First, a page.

Costly wheat and the cloud over our daily bread - Sayantan Bera

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published Published on Feb 3, 2023   modified Modified on Feb 3, 2023

Wheat prices have stayed stubborny high in India, despite several steps by the government including an export ban and announcing open market prices.

- Mint

Official figures show that daily retail wheat flour (atta) prices as on 1 February were 22% higher year on year, while wholesale prices were 31% higher. Wheat prices have been inching up through 2022 after a heat wave cut production and pushed the government to ban exports in May. Retail food inflation has softened of late, as it dipped to 4.2% in December from 8.6% in September. Any hope of prices cooling rests on the size of the 2023 harvest, which will hit markets in April-May. 

Planting data from the Agriculture Ministry show that wheat has been sown in over 34 million hectares, higher than the 5-year average of 30 million hectares. The crop is likely to be higher than 107 million tonnes estimated for the 2022 harvest. Key risks remain however. For instance heat stress.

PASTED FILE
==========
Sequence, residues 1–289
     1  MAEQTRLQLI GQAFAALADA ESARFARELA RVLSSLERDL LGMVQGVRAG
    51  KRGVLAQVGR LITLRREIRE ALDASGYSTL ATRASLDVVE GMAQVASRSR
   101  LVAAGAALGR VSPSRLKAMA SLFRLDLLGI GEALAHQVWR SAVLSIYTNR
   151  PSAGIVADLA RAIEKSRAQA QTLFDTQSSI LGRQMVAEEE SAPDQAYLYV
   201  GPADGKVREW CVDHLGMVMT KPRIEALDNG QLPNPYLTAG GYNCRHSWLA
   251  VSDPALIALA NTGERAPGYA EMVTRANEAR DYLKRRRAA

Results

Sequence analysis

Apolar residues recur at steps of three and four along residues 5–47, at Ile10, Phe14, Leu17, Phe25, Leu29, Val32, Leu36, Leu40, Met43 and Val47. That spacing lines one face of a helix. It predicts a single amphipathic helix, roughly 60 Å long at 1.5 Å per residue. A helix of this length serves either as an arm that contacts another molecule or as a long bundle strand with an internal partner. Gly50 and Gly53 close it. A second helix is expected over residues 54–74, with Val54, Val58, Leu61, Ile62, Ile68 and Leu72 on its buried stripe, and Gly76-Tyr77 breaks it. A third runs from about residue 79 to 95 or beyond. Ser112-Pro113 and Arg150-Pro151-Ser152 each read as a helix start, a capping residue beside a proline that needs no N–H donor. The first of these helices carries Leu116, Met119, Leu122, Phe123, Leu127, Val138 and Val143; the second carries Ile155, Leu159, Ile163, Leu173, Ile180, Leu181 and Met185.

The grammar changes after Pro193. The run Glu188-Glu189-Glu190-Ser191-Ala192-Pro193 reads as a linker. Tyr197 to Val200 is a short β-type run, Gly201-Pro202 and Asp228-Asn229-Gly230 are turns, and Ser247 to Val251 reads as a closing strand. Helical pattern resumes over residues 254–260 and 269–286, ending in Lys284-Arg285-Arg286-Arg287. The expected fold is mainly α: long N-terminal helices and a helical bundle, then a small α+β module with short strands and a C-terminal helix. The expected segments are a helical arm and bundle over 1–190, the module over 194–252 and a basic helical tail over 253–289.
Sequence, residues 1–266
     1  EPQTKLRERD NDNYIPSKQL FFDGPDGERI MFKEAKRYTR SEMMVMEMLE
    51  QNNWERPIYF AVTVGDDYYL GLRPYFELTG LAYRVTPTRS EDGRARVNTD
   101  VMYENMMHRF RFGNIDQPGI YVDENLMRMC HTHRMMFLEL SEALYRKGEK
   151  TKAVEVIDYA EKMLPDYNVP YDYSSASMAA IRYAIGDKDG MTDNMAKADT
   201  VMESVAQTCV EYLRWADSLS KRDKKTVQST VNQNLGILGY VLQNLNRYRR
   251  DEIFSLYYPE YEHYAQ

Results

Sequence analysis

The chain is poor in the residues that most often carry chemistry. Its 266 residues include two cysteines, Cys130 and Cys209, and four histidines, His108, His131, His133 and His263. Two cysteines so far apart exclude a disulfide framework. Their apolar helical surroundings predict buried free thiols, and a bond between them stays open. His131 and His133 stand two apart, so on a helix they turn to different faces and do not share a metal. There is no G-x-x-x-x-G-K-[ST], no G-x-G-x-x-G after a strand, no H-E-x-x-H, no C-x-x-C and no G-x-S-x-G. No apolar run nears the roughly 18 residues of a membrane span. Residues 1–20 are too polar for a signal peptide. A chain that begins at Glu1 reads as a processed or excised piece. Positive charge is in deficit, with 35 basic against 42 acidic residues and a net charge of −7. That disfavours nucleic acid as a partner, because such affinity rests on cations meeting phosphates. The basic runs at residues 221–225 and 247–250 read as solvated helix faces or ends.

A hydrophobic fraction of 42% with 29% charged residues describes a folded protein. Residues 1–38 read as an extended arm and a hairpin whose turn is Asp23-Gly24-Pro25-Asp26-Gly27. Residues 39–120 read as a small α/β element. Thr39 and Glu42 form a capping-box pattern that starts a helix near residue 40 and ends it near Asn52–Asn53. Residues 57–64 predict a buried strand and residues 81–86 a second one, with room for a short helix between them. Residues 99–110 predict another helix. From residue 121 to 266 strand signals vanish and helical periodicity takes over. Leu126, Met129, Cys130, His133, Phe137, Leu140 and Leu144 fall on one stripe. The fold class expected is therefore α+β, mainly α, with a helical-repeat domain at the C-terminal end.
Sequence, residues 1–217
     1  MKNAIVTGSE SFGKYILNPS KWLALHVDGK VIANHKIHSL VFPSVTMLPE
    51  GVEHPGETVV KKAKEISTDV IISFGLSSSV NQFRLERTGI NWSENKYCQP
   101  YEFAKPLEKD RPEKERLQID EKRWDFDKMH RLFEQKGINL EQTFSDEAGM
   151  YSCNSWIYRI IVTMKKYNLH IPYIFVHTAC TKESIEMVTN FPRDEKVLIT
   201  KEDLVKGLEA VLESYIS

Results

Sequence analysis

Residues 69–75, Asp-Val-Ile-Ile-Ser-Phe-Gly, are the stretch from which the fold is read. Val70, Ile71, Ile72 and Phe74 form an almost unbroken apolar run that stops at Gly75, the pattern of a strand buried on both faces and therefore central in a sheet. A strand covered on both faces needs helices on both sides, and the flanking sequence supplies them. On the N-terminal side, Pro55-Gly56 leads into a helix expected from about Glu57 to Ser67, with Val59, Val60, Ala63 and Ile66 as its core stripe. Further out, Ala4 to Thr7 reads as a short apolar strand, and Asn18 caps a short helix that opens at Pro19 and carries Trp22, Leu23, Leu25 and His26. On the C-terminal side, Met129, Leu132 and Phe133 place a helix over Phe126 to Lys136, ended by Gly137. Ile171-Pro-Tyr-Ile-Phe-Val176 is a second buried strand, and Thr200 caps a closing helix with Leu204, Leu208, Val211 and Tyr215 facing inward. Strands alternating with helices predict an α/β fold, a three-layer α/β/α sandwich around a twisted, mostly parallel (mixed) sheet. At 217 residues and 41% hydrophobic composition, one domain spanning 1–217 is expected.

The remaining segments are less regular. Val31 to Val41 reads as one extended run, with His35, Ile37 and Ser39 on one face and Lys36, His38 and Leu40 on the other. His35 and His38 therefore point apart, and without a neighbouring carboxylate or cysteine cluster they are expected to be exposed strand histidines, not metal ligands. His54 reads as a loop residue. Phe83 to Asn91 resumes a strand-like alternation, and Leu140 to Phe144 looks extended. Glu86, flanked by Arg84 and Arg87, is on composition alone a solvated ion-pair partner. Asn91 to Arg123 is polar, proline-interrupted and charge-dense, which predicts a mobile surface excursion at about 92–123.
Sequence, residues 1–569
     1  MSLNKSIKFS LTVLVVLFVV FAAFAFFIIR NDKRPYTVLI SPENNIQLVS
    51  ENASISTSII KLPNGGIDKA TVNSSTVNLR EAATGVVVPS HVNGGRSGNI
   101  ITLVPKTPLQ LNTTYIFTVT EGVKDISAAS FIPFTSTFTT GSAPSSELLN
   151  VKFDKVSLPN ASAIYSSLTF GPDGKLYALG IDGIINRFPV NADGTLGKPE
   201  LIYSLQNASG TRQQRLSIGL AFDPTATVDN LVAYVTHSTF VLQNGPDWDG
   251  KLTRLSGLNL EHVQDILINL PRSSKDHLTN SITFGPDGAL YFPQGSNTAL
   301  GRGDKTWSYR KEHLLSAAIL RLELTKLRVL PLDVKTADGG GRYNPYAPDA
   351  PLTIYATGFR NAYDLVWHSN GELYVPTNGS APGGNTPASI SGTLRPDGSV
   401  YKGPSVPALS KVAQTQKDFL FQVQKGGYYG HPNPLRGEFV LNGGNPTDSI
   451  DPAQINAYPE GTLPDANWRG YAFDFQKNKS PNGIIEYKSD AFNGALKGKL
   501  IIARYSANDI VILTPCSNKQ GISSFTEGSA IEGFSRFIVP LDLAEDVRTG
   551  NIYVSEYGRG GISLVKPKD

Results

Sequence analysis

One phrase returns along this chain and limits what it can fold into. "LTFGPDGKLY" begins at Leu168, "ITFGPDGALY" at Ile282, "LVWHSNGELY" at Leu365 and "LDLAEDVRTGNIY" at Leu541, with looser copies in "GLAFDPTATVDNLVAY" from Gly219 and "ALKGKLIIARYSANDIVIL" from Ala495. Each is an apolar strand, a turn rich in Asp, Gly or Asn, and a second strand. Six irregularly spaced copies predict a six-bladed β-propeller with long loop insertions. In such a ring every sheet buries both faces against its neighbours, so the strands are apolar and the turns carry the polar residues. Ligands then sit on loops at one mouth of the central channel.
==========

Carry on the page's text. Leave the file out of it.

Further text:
The Food Corporation of India held 17.1 million tonnes of wheat, the lowest in 6 years, but higher than the strategic buffer norm of 14 million tonnes. The government announced open market sales of 3 million tonnes to cool market prices, which means the Centre does not have excess stocks. Traders expect the government to announce a bonus to farmers to ensure procurement does not fall short. With wholesale prices around Rs. 2,800 per quintal and an MSP of Rs. 2,125 the gap is big. Without a bonus farmers may sell their crop in the open market.   

The export ban will most probably continue. If procurement falls short the government may cut the existing 40% duty to allow imports. However, if India enters the global market as a buyer international prices will surge. The larger crisis is the impact of climate change on India's fragile food surpluses. 

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Sayantan Bera, Mint, 3 February, 2023,

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